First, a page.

Shows & Panels
- The 2014 Big Picture on Cyber Security
- AFCEA Answers
- Ask the CIO
- Building the Hybrid Cloud
- Connected Government: How to Build and Procure Network Services for the Future
- Continuing Diagnostics and Mitigation: Discussion of Progress and Next Steps
- Federal Executive Forum
- Federal Tech Talk
- The Future of Government Data Centers
- The Future of IT: How CIOs Can Enable the Service-Oriented Enterprise
- The Intersection: Where Technology Meets Transformation
- Maximizing ROI Through Data Center Consolidation
- Moving to the Cloud. What's the best approach for me
- Navigating Tough Choices in Government Cloud Computing
- The New Generation of Database
- Satellite Communications: Acquiring SATCOM in Tight Times
- Targeting Advanced Threats: Proven Methods from Detection through Remediation
- Transformative Technology: Desktop Virtualization in Government
- The Truth About IT Opex and Software Defined Networking
- Value of Health IT
- Air Traffic Management Transformation Report
- Cloud First Report
- General Dynamics IT Enterprise Center
- Gov Cloud Minute
- Government in Technology Series
- Homeland Security Cybersecurity Market Report
- National Cybersecurity Awareness Month
- Technology Insights
- The Cyber Security Report
- The Next Generation Cyber Security Experts
Shows & Panels
Search Tags: Federal Report
When disaster strikes areas populated by federal workers, a mystery man with a suitcase full of cash usually shows up the next day. Some of the money comes from people like you, but there are also big-time corporations that write some very big checks. Senior Correspondent Mike Causey asks: Who are they, and why are they doing it?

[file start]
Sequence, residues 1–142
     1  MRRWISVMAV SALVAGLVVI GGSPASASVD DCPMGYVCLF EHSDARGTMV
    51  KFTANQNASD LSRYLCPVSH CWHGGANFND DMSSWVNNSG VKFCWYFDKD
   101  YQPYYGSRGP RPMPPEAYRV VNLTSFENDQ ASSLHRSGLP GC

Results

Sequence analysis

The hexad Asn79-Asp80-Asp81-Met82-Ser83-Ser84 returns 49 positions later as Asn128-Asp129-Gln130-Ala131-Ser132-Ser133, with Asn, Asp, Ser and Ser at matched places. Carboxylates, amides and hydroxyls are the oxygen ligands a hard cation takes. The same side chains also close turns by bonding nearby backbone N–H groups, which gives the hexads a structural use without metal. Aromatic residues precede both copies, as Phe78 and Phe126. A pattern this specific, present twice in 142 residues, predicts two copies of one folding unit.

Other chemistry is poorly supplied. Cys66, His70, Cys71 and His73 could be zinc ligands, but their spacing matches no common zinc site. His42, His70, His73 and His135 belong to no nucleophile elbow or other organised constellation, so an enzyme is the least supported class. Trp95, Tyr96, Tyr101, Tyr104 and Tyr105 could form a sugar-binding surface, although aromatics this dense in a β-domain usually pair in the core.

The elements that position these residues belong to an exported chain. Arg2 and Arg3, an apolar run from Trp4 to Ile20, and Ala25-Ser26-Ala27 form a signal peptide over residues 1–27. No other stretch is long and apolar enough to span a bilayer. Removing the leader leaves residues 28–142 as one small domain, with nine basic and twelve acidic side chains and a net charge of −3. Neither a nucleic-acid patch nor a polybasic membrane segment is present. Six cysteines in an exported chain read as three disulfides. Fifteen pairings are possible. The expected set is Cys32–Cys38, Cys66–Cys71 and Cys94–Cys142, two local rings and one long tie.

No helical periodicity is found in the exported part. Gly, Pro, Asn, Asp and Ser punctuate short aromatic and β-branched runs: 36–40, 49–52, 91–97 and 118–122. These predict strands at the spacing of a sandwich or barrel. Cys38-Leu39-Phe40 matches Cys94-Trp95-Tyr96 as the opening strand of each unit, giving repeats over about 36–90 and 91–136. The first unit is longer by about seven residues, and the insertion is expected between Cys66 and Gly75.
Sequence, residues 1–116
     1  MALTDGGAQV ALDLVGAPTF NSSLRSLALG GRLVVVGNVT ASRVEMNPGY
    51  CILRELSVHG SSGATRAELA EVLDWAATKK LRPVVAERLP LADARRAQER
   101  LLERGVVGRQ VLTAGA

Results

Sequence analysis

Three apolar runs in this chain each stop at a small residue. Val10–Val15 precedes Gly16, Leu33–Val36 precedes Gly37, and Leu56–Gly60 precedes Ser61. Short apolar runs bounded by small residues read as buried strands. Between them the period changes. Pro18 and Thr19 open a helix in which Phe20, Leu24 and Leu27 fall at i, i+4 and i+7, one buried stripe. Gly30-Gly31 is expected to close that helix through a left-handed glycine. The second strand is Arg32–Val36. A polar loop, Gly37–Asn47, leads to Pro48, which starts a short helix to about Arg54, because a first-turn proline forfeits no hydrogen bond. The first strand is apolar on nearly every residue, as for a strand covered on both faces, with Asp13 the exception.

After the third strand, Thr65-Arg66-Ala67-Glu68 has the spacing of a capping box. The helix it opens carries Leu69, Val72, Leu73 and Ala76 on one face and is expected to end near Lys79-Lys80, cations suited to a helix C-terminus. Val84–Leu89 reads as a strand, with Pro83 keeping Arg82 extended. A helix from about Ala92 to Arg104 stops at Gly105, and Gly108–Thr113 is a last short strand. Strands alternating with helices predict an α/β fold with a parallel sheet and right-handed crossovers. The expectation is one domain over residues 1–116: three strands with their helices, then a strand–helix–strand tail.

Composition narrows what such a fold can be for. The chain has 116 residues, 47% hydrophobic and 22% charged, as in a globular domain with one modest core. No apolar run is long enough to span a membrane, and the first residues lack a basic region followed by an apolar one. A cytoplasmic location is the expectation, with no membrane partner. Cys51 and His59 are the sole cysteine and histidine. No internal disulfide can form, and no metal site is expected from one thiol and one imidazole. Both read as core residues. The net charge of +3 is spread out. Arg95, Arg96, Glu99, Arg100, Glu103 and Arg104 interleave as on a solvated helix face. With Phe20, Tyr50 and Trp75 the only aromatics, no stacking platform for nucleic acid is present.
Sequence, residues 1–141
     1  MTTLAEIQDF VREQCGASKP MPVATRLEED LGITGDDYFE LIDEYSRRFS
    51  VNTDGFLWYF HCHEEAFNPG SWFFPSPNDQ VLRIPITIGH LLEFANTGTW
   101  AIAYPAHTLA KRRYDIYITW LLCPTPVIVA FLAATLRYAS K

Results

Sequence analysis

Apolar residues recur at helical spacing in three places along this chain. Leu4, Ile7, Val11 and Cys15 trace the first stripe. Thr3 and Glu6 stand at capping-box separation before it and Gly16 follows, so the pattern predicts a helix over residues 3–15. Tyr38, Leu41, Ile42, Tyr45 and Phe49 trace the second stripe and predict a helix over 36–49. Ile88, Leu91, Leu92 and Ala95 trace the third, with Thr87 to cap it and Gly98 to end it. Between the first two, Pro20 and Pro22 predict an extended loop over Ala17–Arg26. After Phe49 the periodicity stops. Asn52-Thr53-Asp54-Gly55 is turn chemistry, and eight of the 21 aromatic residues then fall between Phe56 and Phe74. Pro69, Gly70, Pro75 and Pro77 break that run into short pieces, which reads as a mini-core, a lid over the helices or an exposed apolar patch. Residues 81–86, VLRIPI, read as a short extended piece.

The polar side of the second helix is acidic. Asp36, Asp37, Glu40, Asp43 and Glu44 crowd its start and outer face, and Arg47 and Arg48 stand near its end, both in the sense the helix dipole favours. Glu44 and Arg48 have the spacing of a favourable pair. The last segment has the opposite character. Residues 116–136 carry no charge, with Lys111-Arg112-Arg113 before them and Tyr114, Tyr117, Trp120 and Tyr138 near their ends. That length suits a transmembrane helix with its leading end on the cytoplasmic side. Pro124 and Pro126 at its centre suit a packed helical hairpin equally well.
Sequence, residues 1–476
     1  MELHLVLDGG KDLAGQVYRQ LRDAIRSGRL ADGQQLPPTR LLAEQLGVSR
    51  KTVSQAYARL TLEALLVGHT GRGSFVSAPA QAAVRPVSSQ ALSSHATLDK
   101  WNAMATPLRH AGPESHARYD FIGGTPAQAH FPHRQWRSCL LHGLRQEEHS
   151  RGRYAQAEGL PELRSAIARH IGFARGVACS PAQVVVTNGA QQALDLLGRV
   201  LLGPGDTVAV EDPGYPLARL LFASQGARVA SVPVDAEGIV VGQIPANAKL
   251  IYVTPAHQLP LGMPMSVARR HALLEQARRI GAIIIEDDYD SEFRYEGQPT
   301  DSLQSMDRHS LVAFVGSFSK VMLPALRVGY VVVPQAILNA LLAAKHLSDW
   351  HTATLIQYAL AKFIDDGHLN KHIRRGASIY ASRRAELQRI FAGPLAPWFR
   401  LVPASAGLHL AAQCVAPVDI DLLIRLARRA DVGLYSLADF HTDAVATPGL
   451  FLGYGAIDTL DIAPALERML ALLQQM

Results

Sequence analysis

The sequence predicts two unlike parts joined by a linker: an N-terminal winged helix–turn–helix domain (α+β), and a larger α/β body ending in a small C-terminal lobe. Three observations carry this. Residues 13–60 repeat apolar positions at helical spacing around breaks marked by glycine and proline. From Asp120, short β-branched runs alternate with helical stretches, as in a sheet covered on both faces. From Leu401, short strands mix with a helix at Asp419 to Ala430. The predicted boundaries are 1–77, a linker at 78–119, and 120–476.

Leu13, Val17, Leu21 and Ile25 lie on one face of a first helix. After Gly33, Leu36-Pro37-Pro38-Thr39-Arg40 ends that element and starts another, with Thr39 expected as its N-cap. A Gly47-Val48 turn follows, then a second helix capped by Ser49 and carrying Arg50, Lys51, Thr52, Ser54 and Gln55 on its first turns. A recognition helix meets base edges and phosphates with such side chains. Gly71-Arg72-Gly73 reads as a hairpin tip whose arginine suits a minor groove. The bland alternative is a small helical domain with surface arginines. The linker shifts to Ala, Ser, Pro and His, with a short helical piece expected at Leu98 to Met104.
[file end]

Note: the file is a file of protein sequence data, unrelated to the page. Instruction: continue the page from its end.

What if we found out that instead of saving millions of dollars through furloughs and sequestration cuts, the actions were actually costing the government and the taxpayers billions of dollars? Senior Correspondent Mike Causey wants to know: At this rate, how much longer can we afford to save?
Is there a guy in your carpool who, because of the heat, is wearing TMI short shorts that are way too short? Does the gang at the office look like they collided with a unisex clothes line? Maybe it's the heat, Senior Correspondent Mike Causey says. So, how hot is it in your office?
Are the media -- people like us -- paying too much attention to the reality of furloughs and the possibility of layoffs in the federal workforce? At what point does the constant reporting fall into the category of beating a dead horse? Or is this one still worth tracking. You tell us, Senior Correspondent Mike Causey says.
All of a sudden, things are looking up. The IRS has canceled at least one planned furlough day and the Equal Employment Opportunity Commission has scrubbed round two of its tough furlough policy. So what's not to like? Some feds say the reason the silver lining is so bright is that it is framed by a very large, very dark cloud, Senior Correspondent Mike Causey says.
Senior Correspondent Mike Causey wants to know: Just how paranoid are you? Do you think NASA faked the Moon landings? Just who is really buried in Grant's tomb? And is sequestration a giant political mistake or a clever plan to shrink the bureaucracy and defang the IRS?
Here's a horrible thought to start off your week, Senior Correspondent Mike Causey says. You've had your pay frozen and maybe you have been furloughed with more mandatory time-outs to come. But what if these are the good old days right now? That it can't get any better than this...
Although its not the dreaded Friday the 13th, many feds - from Defense to the IRS — are licking their financial wounds, Senior Correspondent Mike Causey says. IRS employees had a furlough day last Friday. Defense folks began theirs on Monday. So what about a no-work-no-pay plan for Congress and the White House?
You don't have to be popping 50-plus vitamins or checking out the early-bird dinner special to be excited by the government's new phased retirement program, Senior Correspondent Mike Causey says. It has some potential benefits for both beginning feds and people in mid-career too.
The idea of easing into retirement working three or four days a week is appealing to a lot of people. Now it is a reality for thousands of government workers, Senior Correspondent Mike Causey says. But does the new phased retirement program make sense for you? And are you even eligible?